Cookstoves for Freetown

Sullay and Fatmata in the open workshop at Kingtom manufacturing Charcoal Stoves 
(Photo: Binu Parthan)

Sullay Conteh is still frail from the health issues that he has had recently but plans to soon start making charcoal stoves again. He showed us the scrap metal sheet he had bought that morning for Le 50,000 (about 5 US$) which he plans to use as raw material. Few years ago, he learned to make charcoal stoves from his brother-in-law and since then has made 100s of such stoves. He does not have a workshop or covered area for making the cookstoves and does it in an open space behind the Kingtom police barracks in Freetown. Sullay also does not sell most of the stoves himself and uses shopkeepers like Fatmata sell the cookstoves to households. Rosaline gets a commission for the stoves she is able to sell. The prices for stoves vary and Fatmata is able to sell stoves for a higher price on a profit but most often the price just about covers the costs. So for Sullay and Fatmata the cookstove business is just about helping them to continue the business with limited profits as the customers they cater to are very price conscious and not aware of the importance of efficiency of stoves.

Cookstoves for sale on Old railway Line, Freetown
(Photo: Binu Parthan)

Macauley on the other hand has been in the efficient cookstove business for several years and used to manufacture stoves with his partner previously but is currently on his own. He has been to Kenya and also Ghana reviewing charcoal stove technologies in those countries. He does place and emphasis on efficiency of stoves and uses his understanding of the technology to guide his firm. His firm operates from a room in partly finished building abandoned building next to old railway line. He employs four technicians trained by himself who fabricate the efficient charcoal stoves. Since he is not too far from the road the cookstoves are stacked next to the road and on top of street-side shops for passers-by to stop and buy the stoves. The customers he finds also do not know much about differences in efficiencies of stoves but are interested in the appearance of stoves. He has been encouraging good quality finish and good exterior paint to attract customers.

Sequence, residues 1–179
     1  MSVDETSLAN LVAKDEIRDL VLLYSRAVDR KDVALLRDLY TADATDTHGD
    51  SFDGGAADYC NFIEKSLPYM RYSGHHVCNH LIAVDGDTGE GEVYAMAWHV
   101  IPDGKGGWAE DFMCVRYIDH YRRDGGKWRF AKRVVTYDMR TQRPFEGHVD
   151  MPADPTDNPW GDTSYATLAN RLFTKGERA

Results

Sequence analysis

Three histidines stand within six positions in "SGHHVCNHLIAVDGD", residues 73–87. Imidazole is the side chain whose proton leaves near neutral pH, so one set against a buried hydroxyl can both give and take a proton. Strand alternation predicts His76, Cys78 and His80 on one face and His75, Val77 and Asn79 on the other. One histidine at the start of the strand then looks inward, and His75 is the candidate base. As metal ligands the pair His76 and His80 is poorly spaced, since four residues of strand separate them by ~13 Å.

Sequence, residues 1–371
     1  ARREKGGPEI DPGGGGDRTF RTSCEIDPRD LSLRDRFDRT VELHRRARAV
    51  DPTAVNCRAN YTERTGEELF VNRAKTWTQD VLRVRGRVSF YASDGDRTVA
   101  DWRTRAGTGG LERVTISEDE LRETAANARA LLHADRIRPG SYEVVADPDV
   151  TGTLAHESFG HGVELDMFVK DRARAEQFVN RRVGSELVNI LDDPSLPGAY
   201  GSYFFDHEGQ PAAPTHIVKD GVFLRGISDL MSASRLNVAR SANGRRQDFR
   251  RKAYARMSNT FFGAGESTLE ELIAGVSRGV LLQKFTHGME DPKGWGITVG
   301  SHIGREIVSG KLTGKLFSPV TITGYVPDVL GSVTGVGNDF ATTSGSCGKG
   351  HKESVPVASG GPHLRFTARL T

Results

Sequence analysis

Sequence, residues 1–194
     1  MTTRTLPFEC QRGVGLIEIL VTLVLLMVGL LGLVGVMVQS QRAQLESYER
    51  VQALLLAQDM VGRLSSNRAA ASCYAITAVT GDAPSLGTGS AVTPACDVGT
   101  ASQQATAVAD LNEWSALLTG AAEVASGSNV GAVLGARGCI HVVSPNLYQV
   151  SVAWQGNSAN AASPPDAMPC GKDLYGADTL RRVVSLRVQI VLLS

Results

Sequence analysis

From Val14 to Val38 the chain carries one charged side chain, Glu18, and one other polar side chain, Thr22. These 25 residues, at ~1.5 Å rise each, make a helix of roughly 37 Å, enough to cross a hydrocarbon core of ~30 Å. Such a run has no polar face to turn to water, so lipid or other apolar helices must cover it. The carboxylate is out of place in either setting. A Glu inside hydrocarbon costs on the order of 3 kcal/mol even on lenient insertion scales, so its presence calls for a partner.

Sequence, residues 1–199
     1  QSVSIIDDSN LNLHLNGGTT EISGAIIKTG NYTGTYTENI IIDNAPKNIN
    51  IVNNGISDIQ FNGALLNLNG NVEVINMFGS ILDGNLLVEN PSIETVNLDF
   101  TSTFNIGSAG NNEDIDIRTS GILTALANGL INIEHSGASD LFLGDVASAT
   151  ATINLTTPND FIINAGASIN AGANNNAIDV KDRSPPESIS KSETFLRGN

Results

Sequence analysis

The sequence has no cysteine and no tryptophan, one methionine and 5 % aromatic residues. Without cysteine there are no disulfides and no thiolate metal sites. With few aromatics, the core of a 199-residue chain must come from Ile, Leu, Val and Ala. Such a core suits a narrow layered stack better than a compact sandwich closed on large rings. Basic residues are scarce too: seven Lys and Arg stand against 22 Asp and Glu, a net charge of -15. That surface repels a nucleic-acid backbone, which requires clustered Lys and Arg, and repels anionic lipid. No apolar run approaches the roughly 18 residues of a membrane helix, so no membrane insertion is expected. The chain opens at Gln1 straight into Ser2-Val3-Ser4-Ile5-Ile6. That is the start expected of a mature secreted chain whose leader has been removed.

Zainab and Aishatu with Hannah and Tapsir at Westwind’s manufacturing facilities at Wellington
(Photo: Binu Parthan)

Hannah Max-Maccarthy and Tapsir N’jai represent a new wave of clean energy entrepreneurs in Sierra Leone and have together run Westwind Energy for the last 7 years, since 2012. They are both returned back after being based in Europe in accounting and human resource spaces for several years and are now taking forward the stove business that Tapsir’s dad started over two decades ago. Their manufacturing facilities in Wellington Industrial Estate look very professional and workers wear uniforms and protective gear. Westwind energy makes ‘Wonder Stoves’ which have higher efficiencies that have been independently tested and verified for higher efficiency by international partnerships like GIZ Endev. WestWind also employs young mothers like Aishatu Yillah and Zainab Tourey who are among eight women being employees that fabricate efficient stoves. Both Aishatu and Zainab like their work making efficient cookstoves and were trained in-house on fabrication techniques. They also hope that the volume of work they do at the cookstove factory will increase in future. The factory supervisor also confirmed that women employees are easier to train, are more committed to work and easier to supervise! Hannah is the managing director of Westwind and has a clear vision of Westwind’s continued focus on quality and engaging more women particularly on the marketing side.